Natural Skydivers

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I have written a number of books on peak performance and success, and six weeks ago had a new book come out, based around the mindset of champion golfers. (Whoa don't flame me yet, I will get to the point pronto!)

I wanted to explore why those consistent winners were able to perform at their best when the pressure was at its greatest. You can easily make the analogy for competition skydiving.

The conclusion is that the top performers under pressure
focus on outcome not process. Which is consistent with the top freeflyers when I ask them how they transition, they generally tell you they do it without thinking.

Secondly they have immense self confidence, they are not arrogant, but have great faith in their ability to execute the shot (in golf) or move in skydiving.
But it was the third aspect I found the most revealing it appears that they get into the present moment (the zone) where time stands still and there is no emotion, they are not thinking they are just doing. The reason I ask this, is I am curious about the following and would like some feedback as I am thinking of writing an article for skydivers, based on these principles. So my questions is

Do you find the best skydivers of all disciplines get beyond thinking, or are they very self aware?

Second question have you met any natural skydivers who got worse with too much instruction?

I have found when I tried to freefly I had a head full of do's and dont's and was trying too hard, which I now believe is the wrong state of mind.

I am not plugging the golf book (no title given) just want to give some background as to why I am curious.

"Bought a new fancy top of the range vacuum last week. Man it sucks!!!"

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I don't like the word "natural".

Although there is a certain level of talent, most of the accomplishment is a result of a lot of hard work and practice.

Coaching gets you the fundamentals, and even the best at any activity get continuous coaching to improve and refine their technique and correct any bad habits that have crept in.

But without a lot of hard work and practice they don't get good and stay good.

To use your own golf analogy - How much does Tiger Woods practice? (Hint - how well did he do recently with all the other crap cutting into his practice time?)

And the self confidence they have isn't arrogance if you can do it. I have a great deal of skill at a certain activity that I can't mention outside of SC.
I can repeatedly place a small lead lump where I want it. With either hand, using one or two hands, without a rest, at ranges out to 100 yards.

I have been doing it long enough that I don't have to conciously think about the fundamentals. I don't have the "head full of do's and don'ts" to interfere with my concentration.
The self awareness is still there. I know where my hands and fingers are on the "thing" and I know exactly where my feet and arms are. I've spent a good deal of time working on proper technique. But I don't have to think about it much anymore. The muscle memory has reached the point that I am free to focus on the "what" rather than the "how".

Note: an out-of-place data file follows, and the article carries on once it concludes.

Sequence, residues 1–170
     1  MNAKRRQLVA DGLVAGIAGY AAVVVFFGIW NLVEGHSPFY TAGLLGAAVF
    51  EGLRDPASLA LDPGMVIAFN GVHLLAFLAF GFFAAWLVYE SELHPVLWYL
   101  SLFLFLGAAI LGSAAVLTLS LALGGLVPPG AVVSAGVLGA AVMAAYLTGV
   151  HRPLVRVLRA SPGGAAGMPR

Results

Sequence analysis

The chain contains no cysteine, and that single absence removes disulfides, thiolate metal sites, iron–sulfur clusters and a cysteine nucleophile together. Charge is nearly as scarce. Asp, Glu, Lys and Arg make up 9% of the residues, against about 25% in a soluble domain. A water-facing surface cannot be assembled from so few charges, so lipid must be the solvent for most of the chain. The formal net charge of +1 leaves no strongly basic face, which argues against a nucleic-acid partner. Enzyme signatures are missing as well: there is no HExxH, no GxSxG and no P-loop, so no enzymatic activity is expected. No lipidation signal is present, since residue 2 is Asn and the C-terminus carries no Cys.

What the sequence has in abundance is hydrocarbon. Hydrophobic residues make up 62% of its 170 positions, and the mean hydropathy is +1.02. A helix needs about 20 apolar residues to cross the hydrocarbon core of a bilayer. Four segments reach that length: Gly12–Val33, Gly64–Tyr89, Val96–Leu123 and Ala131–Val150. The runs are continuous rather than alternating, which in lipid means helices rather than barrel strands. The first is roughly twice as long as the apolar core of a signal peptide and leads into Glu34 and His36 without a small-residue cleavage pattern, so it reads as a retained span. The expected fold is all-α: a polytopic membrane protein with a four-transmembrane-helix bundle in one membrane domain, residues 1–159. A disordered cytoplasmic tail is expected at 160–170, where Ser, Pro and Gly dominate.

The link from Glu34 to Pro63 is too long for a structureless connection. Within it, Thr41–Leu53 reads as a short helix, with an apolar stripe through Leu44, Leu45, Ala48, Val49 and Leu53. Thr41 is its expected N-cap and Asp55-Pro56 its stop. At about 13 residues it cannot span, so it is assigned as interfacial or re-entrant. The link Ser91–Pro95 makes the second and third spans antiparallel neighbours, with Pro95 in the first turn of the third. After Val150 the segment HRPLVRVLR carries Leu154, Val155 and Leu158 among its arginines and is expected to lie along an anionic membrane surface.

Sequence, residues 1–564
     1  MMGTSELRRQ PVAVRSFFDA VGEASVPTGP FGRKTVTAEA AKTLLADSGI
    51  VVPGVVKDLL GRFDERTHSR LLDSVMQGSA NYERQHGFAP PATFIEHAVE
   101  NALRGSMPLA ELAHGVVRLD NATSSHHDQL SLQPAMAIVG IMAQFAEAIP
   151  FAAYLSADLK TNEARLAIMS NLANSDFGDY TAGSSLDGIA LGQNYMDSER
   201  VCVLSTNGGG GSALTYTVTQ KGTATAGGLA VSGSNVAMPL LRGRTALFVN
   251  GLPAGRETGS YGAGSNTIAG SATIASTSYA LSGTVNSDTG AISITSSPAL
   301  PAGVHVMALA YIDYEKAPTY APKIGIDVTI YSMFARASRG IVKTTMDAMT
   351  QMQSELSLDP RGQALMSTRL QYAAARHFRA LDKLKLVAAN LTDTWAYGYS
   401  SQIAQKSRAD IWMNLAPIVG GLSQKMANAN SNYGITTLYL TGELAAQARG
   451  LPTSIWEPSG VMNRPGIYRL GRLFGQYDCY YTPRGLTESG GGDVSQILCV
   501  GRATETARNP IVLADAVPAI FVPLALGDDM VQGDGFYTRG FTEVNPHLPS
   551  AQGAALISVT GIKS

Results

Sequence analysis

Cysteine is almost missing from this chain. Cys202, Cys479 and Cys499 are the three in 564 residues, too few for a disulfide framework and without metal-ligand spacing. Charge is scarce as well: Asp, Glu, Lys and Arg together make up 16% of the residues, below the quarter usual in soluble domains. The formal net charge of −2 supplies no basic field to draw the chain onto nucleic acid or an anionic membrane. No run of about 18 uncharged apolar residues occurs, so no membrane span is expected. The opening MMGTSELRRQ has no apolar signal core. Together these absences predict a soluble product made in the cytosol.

People have asked "How did you get that good?"

My answer has always been "Practice man, practice".
Or "Simple, come down here twice a week and burn up a box or two. Do that every week for 4 or 5 years and you'll be pretty good too".

My skydiving technique isn't the greatest for that exact reason. I don't have enough practice to be able to focus on the what instead of the how. I have to focus on how to do what I want to do and I screw up a lot.
"There are NO situations which do not call for a French Maid outfit." Lucky McSwervy

"~ya don't GET old by being weak & stupid!" - Airtwardo

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It sounds like you're referring to Elliot's Training and Trusting Mindset principles.

The Training Mindset is used when we are first learning something. We put deliberate thought into what we are doing. We have a very active mind and we put conscious effort into thinking about what we are doing.

The Trusting Mindset is characterized by a very clear mind, when we are sensing the environment and just reacting to it. It feels like a flow state when things are just "happening."

Top elite performers are able to turn on 90% Trusting Mindset and 10% Training Mindset in periods of high pressure. But by practicing the Trusting Mindset, they are able to get there more often. People often resort back to the Training Mindset in situations of high pressure because they are so used to using it.

Think of it this way: When we first started driving, we were in the Training Mindset. "How much pressure do I apply to the gas pedal? When do I start braking?" As we get better at diving, we then drive without thinking (Trusting Mindset). But whenever we see a cop in our rearview mirrors, we resort back to the Training Mindset. "Am I speeding? Did I do anything wrong?"

The key is BALANCE between the two- they are each appropriate during certain times. The trick is knowing when to use what.

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I hadn't heard of Elliot before, but yes.

To expand on your car analogy - at first we think "I have to lift my foot off the gas, move it to the left and press on the brake".
As we gain experience, we simply think "STOP!!!" and the correct movements come naturally.

One of my training tools is to locate my "spot", then close my eyes, and perform the actions necessary to act on that spot (without actually acting on it). Then open my eyes and see how close I would have been. If I can trust myself enough to be "on" with my eyes closed, then I'm doing pretty well.
"There are NO situations which do not call for a French Maid outfit." Lucky McSwervy

"~ya don't GET old by being weak & stupid!" - Airtwardo

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